[1] When a woman was widowed and left with young children and their father was of noble birth, or had Crown lands, then the ‘wardship of the heir or heiress became a Royal reward.’ The children would be given to another house to be raised under their guardianship. This guardianship could be given to a royal servant. These children would live with their guardian as a part of their household, and their lands and assets would be administered by their guardians. Anne Crawford, ed., Letters of Medieval Women (Stroud: Sutton Publishers Ltd., 2002), p.108.

[2] Royal Collection Trust. press@royalcollection.org.

[3] Davies suggests that Gerald chose his wife so that “he [might] sink his roots and those of his family more deeply in those parts.’ It was not uncommon for Norman Marcher Lords to marry into the Welsh nobility in order to build their holdings within Wales. R. R. Davies, Conquest, Coexistence, and Change: Wales 1063-1415 (Oxford: Clarendon Press, 1987), p.106. P. A. Taylor, Nest Ferch Rhys ap Tewdwr, as final fulfillment for the degree of Master of Arts, Celtic Studies (Lampeter: University of Wales Trinity Saint David, 2017), p.23.

[4] T. Venning, The Kings and Queens of Wales (Stroud: Amberley Publishing, 2015), p.123.

[5] Chris Given-Wilson and Alice Curteis, The Royal Bastards of Medieval England (London: Routledge and Kegan Paul, 1984), pp.60-73.

[6] John Edward Lloyd, History of Wales, Volume ii (London: Longman Green and Company, 1911), p.417.

[7] S. M. Johns, Gender, Nation and Conquest in the High Middle Ages: Nest of Deheubarth (Manchester: Manchester University Press, 2013), p.10.

[8] Lloyd, History of Wales, Volume ii, p.499.Yorke states that Nest was ‘the beautiful mistress of Henry who brought him his eminent son Robert of Gloucester.’ P. Yorke, Esq. of Erthig (1799) and D. Williams (2016), The Royal Tribes of Wales (Hardpress Publishing, 2013), p.33. D. Crouch, ‘Nest (born before 1092, died c.1130)’, ‘Robert of Gloucester’s Mother and Sexual Politics in Norman Oxfordshire’, Historical Research vol.72. no.179 (October 1999): pp.323-333. Oxford Dictionary of National Biography  (2004) [online]. Available: http://www/oxforddnb.com/view/article/19905. <accessed 10th September 2016>. [site no longer working]

[9] Brut y Tywysogion; or, The Chronicle of the Princes, edited by Rev. John Williams ab Ithel, M.A. (London: Longman, Green, Longman, and Roberts, 1860), p.85.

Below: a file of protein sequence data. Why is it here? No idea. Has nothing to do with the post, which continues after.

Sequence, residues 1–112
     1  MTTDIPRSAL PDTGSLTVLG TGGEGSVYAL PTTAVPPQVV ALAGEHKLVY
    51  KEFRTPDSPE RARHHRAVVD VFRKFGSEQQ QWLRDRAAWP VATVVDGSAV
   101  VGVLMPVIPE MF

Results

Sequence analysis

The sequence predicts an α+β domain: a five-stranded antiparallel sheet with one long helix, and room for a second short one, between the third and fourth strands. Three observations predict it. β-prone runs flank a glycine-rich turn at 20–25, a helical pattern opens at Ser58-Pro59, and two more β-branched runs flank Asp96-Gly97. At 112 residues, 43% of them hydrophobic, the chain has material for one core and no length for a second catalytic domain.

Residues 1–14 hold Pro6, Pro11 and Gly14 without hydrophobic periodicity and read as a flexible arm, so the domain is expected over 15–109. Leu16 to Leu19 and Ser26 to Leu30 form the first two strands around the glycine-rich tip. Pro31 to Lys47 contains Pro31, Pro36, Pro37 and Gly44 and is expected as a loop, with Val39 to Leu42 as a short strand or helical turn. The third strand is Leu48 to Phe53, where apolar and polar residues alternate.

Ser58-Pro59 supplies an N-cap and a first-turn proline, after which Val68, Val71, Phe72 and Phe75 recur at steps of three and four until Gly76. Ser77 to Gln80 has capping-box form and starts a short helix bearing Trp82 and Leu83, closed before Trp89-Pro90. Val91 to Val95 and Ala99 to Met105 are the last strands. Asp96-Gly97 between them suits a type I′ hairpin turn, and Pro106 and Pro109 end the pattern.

[10] Lynn H. Nelson, The Normans in South Wales 1070-1171 (Austin: The University of Texas Press, 1966), p.110. Partible inheritance is the system where all the sons of the deceased, and in some cases, the daughters, would receive a share of the estate. This system differs from primogeniture where only the eldest son is entitled to inherit. See the entry for ‘primogeniture’: http://www.oxforddictionaries.com/definition/english/primogeniture. <accessed 14th October 2016>.

[11] D. Walker, Medieval Wales (Cambridge: Cambridge University Press, 1990), p.38.

[12] The Brut y Tywysogion states that the event took place at Christmas 1106 (p.83). Scholars such as Lloyd (History of Wales, Volume ii, p.417) and Davies (Conquest, Coexistence, and Change, p.86) offer 1109. The Annales Cambriae state that in 1109 Owain burned Cenarth Bychan and was expelled to Ireland and makes no mention at all of Nest. Annales Cambriae: A Translation of Harleian 3859: PRO E.164/1: Cottonian Domitian, A1: Exeter Cathedral Library MS. 3514 and MS Exchequer DB Neath, PRO E.164/1, translated by Paul Martin Remfry (United Kingdom: Castle Studies Research and Publishing, 2007), p.76. Lloyd, History of Wales, Volume ii, p.418.

[13] T. M. Charles-Edwards, Morfydd E. Owens, and Paul Russell, eds., The Welsh King and His Court (Cardiff: University of Wales Press, 2000), p.343.

[14] Davies, Conquest, Coexistence, and Change, p.86.

[15] Cenarth Bychan Castle is now known as Cilgerran Castle.

[16]  Ringwork castles are similar to motte-and-bailey castles but are encircled by lower earth walls and a ditch to enclose them which would be finished with a timber palisade. See Marvin Hull, ‘Ringwork Castles’ [online]. Available: https://www.castles-of-britain.com/ringworkcastles.htm.1995-2011. <accessed 2nd July 2018>. [site now defunct.]

[17] Brut y Tywysogion, p.105.

[18] ibid., p.105.

[19] Lloyd, History of Wales, Volume ii, p.418.

[20] ibid., p.85.

[21] P. A. Taylor, Nest Ferch Rhys ap Tewdwr, p.30. Pembroke Castle and Carew Castle both hold claim to the abduction of Nest in their tourist guides. Research considers these claims as highly unlikely.

[22] Brut y Tywysogion, p.85.